How Dancing Deer, a small Boston bakery, rose up to become a multimillion-dollar business -- without losing its socially responsible core values
When Patricia Karter and her two partners co-founded the award-winning Dancing Deer Bakery in Boston in 1994, they did so with a simple yet unconventional business philosophy: If bakers love what they do, it shows in the food. A decade later, that guiding principle has helped propel the natural, home-baked goods outfit into a fast-growing business that's both unstintingly consistent to its core values (all-natural ingredients, philanthropy, environmentalism, and employee development) and highly profitable: Sales are expected to reach $8 million this year, a 40% jump from 2004.
The quirky bakery that has earned financial success and industry accolades actually got its start as a result of serendipity. Karter, a former entrepreneur who had returned to her true passion, painting, had fallen in love with the cakes and cookies of baker Suzanne Lombardi. At the time, Lombardi was selling her goods at coffeehouses around Boston, hauling her pots and pans to a rented kitchen each day.
Lombardi asked Karter, who had a master's degree in public and private management from Yale, for business advice, and they ended up launching a company together. "She was an amazingly talented baker," says Karter, "and I decided to invest in her."
Karter and her then-husband, Ayis Antoniou, poured $20,000 into Dancing Deer and set up the fledgling outfit in an old pizza parlor in the inner-city neighborhood of Roxbury. The original plan had Lombardi and Antoniou, a business strategist and foodie, involved in the day-to-day operations, while Karter would spend half a day each week on design issues and consulting.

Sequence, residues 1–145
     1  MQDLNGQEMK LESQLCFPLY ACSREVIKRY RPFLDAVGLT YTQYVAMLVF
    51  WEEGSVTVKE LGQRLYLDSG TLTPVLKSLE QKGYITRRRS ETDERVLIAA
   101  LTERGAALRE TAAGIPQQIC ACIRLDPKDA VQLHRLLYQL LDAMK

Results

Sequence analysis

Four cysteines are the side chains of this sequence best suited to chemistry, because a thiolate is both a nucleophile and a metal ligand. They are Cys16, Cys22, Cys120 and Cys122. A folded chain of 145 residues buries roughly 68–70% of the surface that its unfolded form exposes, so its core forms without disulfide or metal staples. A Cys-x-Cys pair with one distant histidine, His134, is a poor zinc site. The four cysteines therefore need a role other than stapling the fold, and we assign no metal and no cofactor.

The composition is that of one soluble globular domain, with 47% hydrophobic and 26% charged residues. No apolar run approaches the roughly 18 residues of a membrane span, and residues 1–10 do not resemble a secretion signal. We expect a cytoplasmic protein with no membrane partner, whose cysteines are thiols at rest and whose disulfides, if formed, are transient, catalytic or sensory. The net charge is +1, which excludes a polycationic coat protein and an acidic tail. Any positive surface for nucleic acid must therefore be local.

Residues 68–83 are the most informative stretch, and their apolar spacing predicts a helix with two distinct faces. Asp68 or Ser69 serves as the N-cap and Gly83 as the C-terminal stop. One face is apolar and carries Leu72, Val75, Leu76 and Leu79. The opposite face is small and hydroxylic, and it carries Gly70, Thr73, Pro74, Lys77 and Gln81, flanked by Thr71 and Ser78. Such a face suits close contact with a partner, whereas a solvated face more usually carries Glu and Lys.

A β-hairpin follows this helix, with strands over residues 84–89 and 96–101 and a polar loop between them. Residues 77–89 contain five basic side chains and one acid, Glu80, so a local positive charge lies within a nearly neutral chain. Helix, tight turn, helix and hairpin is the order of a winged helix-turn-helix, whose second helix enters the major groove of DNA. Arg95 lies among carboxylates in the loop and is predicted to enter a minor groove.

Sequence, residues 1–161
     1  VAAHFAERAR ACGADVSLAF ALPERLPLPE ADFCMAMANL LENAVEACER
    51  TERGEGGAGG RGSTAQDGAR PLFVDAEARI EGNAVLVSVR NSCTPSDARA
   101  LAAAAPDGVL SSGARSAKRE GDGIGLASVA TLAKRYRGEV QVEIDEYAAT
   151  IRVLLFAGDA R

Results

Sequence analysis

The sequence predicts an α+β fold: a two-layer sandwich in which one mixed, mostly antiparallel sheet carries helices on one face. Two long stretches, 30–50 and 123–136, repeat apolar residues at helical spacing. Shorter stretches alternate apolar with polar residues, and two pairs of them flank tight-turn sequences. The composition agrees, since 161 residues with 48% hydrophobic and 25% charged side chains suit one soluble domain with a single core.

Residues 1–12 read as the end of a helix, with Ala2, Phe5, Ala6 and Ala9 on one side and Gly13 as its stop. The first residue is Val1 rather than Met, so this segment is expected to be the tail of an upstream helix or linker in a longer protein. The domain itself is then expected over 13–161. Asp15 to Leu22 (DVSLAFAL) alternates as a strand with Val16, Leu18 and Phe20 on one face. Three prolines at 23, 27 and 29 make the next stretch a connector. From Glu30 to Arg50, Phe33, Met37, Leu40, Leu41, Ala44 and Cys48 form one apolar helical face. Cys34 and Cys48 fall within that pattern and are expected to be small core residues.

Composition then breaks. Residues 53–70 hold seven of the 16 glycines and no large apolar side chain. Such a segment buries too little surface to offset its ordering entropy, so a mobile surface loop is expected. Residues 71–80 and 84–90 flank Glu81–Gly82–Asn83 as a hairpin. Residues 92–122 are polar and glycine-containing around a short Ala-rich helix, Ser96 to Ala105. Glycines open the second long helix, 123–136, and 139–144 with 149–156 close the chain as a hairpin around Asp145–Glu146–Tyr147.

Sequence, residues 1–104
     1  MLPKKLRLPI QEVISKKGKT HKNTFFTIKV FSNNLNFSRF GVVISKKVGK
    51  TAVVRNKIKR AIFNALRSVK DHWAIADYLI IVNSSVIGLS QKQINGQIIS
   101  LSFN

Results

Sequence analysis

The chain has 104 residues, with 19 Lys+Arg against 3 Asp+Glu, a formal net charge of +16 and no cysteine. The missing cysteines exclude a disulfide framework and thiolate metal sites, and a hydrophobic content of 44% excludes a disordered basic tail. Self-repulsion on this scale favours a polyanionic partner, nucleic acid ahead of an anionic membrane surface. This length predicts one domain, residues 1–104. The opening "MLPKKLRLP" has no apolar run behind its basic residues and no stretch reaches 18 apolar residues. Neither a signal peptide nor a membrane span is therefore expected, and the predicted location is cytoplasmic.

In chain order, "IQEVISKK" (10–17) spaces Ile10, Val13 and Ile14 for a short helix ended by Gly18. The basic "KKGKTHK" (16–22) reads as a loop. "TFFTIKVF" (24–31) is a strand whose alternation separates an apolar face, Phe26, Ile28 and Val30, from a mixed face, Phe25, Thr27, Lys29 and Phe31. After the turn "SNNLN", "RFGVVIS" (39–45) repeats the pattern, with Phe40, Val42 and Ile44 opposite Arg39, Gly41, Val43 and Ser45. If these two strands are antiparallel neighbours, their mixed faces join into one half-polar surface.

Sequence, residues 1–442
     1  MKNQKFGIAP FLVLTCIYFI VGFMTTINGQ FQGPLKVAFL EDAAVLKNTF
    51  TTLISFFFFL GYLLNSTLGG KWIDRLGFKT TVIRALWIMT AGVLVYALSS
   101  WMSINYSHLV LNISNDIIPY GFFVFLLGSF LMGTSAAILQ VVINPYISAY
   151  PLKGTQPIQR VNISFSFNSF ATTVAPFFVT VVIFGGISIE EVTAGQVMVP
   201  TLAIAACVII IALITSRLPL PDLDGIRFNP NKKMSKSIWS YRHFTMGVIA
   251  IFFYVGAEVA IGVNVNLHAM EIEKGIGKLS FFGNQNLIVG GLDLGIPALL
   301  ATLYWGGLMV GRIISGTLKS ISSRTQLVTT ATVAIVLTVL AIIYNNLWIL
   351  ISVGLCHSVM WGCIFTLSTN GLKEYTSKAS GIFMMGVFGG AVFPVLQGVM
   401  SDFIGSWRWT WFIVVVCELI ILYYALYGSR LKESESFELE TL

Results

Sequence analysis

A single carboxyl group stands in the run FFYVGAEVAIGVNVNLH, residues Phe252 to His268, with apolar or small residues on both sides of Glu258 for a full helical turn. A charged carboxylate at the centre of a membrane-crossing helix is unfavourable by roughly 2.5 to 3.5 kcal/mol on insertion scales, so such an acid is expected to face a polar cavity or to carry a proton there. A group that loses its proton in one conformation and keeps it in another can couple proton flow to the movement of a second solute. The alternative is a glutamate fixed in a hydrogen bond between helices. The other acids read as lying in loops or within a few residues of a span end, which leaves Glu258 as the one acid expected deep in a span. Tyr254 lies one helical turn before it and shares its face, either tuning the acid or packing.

Capitalizing on the growing popularity of gourmet coffeehouses, the Dancing Deer team saw an untapped market for quality baked goods to be sold alongside the double espressos. "The coffeehouses were sophisticated, but there wasn't much to eat that was good," says Karter, "and natural products weren't really available."
What began as a hobby investment quickly took off. Sales of Dancing Deer's made-to-order Snickerdoodle cookies, shortbreads, and deep, dark gingerbread cake were so brisk that a year after launching, Karter put her paintbrushes down temporarily to help guide Dancing Deer as it grew into a more formal business. Indeed, within two years Dancing Deer's sales reached $283,000 and the following year more than doubled, hitting $692,000. "I thought I would take three to four months off," says Karter. "That was 11 years ago."
RECIPE FOR RESPONSIBILITY.
From the outset, Dancing Deer strived to be more than just another small-business bakery. The trio resolved to create a company and working environment that was, as Karter explains, "exceptional." It would not only make good cookies but also make good business, and it would do so by remaining socially responsible.
Almost since its inception, Dancing Deer has won awards for its baked goods and innovative business practices, as well as its dedication to the community and the inner city where it operates.
"Dancing Deer is a successful company with an incredible reputation," says Deirdre Coyle, a senior vice-president with the Initiative for a Competitive Inner City, a Boston-based, national nonprofit. "It is an incredible asset for Boston's inner city and a role model for cities across the U.S. They demonstrate what can be done and what should be done."
To begin with, all employees have an ownership stake in the company. Dancing Deer provides all staffers with health insurance, paid lunches, and overtime. A majority of the bakery's 60 workers are immigrants. Karter says when many of them started, they barely spoke English. Today, however, many serve in management positions.
In 1998, when the company outgrew its space, Karter decided that instead of moving to a bigger and cheaper location in the suburbs, she would stay in Roxbury so as not to lose her staff, many of whom lived in the area. "We had built this workforce," she says. "And they are a big part of why we were successful. We needed to hang onto them."